One of the tools we have been using for the "Explore" or "Using Maniuplatives" station has been Evernote. This allows students to document their work as well as explain their thinking. In 3rd grade, students take a picture of their work, and complete a sentence frame to help document their thinking. The process is SO simple, as it supports students' language, and requires NO typing! Here is an example of what one student did:

Here is another example from a different student and different problem. I like this one because it shows how he used the manipulatives to solve the problem, but he still doesn't understand how it all works. This is an easy flag for me to know that I will need to follow up with him during a 1-on-1 conference.

I'm hoping to be able to use more open-ended questions as we advance, and / or have a blank t-chart where students can record "What I Did" and "Why I Did It", putting into writing the steps they took to solve a problem.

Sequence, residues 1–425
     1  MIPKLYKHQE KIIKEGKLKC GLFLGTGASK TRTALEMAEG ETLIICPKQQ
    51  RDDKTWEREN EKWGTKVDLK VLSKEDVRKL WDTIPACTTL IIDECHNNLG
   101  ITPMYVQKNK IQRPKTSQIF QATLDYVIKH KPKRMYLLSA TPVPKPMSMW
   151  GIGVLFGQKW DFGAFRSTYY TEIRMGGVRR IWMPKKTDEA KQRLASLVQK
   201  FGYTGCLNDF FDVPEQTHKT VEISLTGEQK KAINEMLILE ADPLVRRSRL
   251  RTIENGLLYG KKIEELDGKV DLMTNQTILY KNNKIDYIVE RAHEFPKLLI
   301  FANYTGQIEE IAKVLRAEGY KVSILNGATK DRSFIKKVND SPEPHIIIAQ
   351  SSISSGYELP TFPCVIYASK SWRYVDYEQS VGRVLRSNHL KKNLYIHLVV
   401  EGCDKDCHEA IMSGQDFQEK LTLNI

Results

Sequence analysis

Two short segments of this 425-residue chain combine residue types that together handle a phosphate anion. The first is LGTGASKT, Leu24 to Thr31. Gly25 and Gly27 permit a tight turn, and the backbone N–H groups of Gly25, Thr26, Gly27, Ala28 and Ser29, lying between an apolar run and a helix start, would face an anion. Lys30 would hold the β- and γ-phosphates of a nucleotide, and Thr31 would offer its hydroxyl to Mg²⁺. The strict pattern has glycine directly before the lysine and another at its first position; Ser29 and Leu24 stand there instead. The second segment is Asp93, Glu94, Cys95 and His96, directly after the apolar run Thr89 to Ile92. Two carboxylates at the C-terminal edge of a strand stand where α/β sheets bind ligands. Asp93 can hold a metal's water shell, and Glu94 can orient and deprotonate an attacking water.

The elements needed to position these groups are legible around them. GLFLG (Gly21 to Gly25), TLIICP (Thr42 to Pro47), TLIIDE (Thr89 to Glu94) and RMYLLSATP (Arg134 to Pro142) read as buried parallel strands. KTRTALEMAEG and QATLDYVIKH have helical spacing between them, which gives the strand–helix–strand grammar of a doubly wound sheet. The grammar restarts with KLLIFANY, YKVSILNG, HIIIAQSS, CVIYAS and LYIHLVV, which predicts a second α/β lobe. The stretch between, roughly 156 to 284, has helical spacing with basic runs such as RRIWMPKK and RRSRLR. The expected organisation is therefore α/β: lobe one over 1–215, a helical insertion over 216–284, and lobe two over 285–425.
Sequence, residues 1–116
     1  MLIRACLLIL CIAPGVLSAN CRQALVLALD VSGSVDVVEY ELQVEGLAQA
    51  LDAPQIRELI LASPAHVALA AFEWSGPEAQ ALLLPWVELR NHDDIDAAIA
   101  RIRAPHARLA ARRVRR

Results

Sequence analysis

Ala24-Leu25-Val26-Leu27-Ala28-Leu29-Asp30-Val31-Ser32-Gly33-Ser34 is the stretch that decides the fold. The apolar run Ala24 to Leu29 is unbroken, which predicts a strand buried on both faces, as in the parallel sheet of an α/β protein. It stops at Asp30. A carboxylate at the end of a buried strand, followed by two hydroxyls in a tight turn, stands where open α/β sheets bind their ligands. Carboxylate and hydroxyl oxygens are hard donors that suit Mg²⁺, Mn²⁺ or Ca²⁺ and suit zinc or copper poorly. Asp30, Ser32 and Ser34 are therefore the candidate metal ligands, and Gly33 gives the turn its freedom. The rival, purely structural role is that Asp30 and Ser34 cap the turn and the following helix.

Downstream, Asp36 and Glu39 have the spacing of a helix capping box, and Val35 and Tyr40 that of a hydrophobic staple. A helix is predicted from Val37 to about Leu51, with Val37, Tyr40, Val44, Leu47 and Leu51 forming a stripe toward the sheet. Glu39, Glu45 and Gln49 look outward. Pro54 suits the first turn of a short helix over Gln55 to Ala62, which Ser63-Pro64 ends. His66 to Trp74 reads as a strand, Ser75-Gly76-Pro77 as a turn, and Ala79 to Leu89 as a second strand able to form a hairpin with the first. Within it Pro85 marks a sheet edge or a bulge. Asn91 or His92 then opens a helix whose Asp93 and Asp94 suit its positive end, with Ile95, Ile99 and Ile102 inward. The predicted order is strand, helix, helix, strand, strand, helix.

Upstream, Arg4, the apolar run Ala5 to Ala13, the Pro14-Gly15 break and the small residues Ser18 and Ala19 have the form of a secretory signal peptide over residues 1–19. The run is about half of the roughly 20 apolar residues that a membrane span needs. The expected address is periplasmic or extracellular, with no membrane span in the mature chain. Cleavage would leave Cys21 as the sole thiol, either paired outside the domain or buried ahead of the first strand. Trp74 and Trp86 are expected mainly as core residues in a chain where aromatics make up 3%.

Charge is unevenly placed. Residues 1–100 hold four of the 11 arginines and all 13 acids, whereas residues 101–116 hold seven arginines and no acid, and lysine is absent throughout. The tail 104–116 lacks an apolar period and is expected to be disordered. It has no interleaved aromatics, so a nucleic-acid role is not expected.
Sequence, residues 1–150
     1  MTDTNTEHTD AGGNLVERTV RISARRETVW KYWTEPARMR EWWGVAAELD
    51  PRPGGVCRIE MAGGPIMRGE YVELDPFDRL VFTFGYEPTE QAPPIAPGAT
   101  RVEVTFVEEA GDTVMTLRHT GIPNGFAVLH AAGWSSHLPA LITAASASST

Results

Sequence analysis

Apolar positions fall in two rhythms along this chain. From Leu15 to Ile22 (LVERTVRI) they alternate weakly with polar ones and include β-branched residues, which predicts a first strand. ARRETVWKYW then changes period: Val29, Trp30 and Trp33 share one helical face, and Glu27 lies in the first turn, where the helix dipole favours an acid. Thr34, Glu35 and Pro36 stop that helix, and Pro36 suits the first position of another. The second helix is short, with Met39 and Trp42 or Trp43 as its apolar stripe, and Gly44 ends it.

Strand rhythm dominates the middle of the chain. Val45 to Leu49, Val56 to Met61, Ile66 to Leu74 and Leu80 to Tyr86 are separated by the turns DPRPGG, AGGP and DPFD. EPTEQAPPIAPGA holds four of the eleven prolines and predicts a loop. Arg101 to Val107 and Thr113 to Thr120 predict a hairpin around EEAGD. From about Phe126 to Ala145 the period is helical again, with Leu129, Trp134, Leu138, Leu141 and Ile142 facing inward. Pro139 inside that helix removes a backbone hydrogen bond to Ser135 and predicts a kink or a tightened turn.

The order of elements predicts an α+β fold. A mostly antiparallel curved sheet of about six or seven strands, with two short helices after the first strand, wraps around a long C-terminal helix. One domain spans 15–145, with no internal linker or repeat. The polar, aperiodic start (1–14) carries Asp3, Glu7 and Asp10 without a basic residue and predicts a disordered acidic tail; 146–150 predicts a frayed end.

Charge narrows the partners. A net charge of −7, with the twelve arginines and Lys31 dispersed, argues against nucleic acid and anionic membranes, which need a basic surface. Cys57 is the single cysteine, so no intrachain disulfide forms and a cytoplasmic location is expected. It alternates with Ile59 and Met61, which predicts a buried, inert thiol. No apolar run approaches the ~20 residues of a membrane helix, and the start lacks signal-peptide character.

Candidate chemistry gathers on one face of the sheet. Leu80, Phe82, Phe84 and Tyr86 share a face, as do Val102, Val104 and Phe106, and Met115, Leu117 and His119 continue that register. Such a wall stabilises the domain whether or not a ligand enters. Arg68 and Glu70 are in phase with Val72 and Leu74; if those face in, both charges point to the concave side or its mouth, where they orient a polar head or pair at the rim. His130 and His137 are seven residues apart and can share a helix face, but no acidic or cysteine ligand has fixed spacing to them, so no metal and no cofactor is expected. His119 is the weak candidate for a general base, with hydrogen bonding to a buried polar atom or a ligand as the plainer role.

Here are the instructions our students follow in order to complete their Evernote documentation. Having students tag their work makes it so easy for us to find what they've done on a particular topic.

Here are the instructions our students follow in order to complete their Evernote documentation. Having students tag their work makes it so easy for us to find what they've done on a particular topic.

And there you have it. Evernote + writing in math. How would you use this in your classroom?

]]>Factor #2: Michigan has joined the WIDA consortium, which means we will be giving the ACCESS test this spring.

Factor #3: All of my gen ed co-teachers want to implement math workshop this year.

1+2+3 = me co-teaching in ALL math classes this year! Who would have ever thought I would be a "math" teacher?!? Not me, that's for sure!

However, I am LOVING it. Mostly because I really like the people I work with. But, I also get bored quickly, and so I love to try new things. This gives me the chance to try something new and challenging without actually having to find a new job. Yay!

This past week has been a lot of training for students, and building stamina for each workshop station. This will continue throughout the month, very similar to what you do for Daily 5 reading. So, nothing really exciting to report there.

But - in my 5th grade class, one of the stations will be a notebook station. So we have been very busy setting up and adding to the math notebooks. This has been SO exciting that my co-teacher created a video about it! Check it out:

Have you tried math notebooks? What do you love about them?

]]>